Naddle Forest Circuit.

The sun is shining once more as I collect Sir Hugh for another Wainwright Outlying day. I turn up in my new car which has the letters MCV on the tailgate, I couldn’t explain them so he quickly googled and came up with – Manoeuvre Combat Vehicle (機動戦闘車 kidou-sentou-sha) is a wheeled tank destroyer of the Japan Ground Self-defence Force!  We hadn’t destroyed anything when we parked on the lonely road at the entrance to Swindale. There is no easy access into the Naddle Valley and we never saw another person all day. we were soon on the first top, Scalebarrow Knott, with clear views back to the Cross Fell group and the closer limestone Knipescar. I think underfoot we had crunchy granite. Tracks led up to the cairn on Harper Hills on the very edge of the deciduous trees creeping up from Naddle Valley. Our next landmark was supposed to be a chimney over the wall, we were lucky to spot it in the trees. Probably has been the gable end of some long-forgotten building.

Our first summit - Scalebarrow Knott.

Our first summit – Scalebarrow Knott.

Distant High Street.

Distant High Street.

Rough walking then took us up to the sprawling Hare Shaw, a cairn and my altimeter suggested we were at the summit. From here Gouther Crag could be seen down in Swindale, memories of The Fang and Bloodhound climbs. Ahead were remnants of snow gullies on High Street and Harter Fell. The triangular Kidsty Pike was prominent and brought forth our reminiscences of the C to C walk done many years ago.

Distant Gouther Crag with Truss and Fang Buttresses visible.

Distant Gouther Crag with Truss and Fang Buttresses visible.

Now down to the navigational ‘handrail’ of a wall which led us onto Naddle Forest ridge. A high hurdle gave us food for thought, climb it, pole vault it, lift off the top section or more simply just open the lower section.

There was no defined ridge and we wandered about on sheep tracks. Remnants of the forest were all around us and it was gratifying to see much new planting which should change the appearance of the fell in 10 years time. We need these trees and more to combat our flooding problems. A couple of small cairns on nameless summits 435m and 433m were passed and we headed through the difficult trackless heather to a high point, 426m, Ignored by AW.  Close by on the edge was the well cairned Hugh’s Laithes Pike giving views down to Hawsewater and its dam. A sheltered spot out of the wind gave us an ideal lunch spot. One more top, 395m, was easily reached. I’ve lost count of our tops by now. We found a lovely winding track down into the wooded Naddle Valley, Birch, Oak and Alder were prominent.  On our way out of the valley, we spotted a group of deer next to Frith Crag.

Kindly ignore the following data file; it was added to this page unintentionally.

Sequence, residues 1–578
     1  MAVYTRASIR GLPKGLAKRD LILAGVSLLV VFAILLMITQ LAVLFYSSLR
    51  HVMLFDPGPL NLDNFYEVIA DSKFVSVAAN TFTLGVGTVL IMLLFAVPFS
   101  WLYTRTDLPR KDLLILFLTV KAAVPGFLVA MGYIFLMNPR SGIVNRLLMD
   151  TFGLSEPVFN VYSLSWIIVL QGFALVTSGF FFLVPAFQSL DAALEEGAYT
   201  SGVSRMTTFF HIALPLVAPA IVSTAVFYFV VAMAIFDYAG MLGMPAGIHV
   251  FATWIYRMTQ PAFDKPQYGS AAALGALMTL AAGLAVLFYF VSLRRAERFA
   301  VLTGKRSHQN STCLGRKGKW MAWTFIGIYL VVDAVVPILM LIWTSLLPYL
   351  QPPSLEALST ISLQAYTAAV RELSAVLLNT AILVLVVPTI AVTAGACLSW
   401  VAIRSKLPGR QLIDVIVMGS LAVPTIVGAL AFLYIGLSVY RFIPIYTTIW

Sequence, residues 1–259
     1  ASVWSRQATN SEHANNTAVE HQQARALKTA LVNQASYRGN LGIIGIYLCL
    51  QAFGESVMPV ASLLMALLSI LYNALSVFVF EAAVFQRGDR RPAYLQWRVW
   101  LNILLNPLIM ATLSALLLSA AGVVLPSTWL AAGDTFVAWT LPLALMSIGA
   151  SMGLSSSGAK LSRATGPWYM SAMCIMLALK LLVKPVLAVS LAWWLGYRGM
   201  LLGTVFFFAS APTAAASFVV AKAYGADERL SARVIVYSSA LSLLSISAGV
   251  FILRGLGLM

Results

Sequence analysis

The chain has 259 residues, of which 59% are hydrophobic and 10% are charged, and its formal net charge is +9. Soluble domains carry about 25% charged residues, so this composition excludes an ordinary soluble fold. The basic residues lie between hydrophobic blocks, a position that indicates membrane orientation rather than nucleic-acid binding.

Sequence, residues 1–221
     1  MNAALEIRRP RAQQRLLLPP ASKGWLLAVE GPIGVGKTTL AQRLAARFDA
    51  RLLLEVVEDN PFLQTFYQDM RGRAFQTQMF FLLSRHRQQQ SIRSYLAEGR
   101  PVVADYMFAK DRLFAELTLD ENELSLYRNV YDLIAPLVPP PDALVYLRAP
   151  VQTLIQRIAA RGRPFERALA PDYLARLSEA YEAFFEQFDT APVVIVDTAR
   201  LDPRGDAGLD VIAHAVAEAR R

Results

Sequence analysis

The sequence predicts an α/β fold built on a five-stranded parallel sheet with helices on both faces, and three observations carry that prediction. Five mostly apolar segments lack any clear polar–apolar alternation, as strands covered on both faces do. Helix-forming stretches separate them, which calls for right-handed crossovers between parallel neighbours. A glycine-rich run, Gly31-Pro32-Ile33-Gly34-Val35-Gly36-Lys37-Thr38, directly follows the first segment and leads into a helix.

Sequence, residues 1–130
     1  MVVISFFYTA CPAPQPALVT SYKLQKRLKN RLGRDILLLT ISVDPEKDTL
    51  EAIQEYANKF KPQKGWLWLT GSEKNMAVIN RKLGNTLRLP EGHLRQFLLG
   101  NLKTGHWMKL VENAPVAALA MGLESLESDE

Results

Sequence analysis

View back from the last top = Hugh's Laithes Pike, Haweswater and Measand Beck.

View back from the last top – Hugh’s Laithes Pike, Haweswater and Measand Beck.

So not the most of interesting fells but we enjoyed good weather and views. The woods were delightful. It was a strenuous round with a lot of ascents and we reflected that it was far better than spending time in the gym – not that I have ever.

4 thoughts on “Naddle Forest Circuit.

  1. simonjkyte

    extraordinary changes in weather down here. was up on wansdyke on friday – an amazing structure, could hardly believe it. set off across salisbury plain early yesterday, gave up in the wind and the rain. sunny again today against the forecast…..

    1. bowlandclimber Post author

      You just have to catch the good weather days if you can.
      Just looked up Wansdyke, amazing as you say. The closest I’ve been is Avebury at the start of the Ridgeway. Fascinating archaeological area.

      1. simonjkyte

        yes started at avebury, then beckhampton long stoneshill fort, , up onto wansdyke at tan hill, then milk hill, adam’s grave, knapp causewayed enclosure, gopher’s woods, abandoned village of shaw, martinsell, giant;s grave, pewsey wharf, pewsey. but wansdyke is a mystery: dating it has involved dubious assumptions and who built it and against whom?


Leave a Reply

Fill in your details below or click an icon to log in: Logo

You are commenting using your account. Log Out /  Change )

Google photo

You are commenting using your Google account. Log Out /  Change )

Twitter picture

You are commenting using your Twitter account. Log Out /  Change )

Facebook photo

You are commenting using your Facebook account. Log Out /  Change )

Connecting to %s

This site uses Akismet to reduce spam. Learn how your comment data is processed.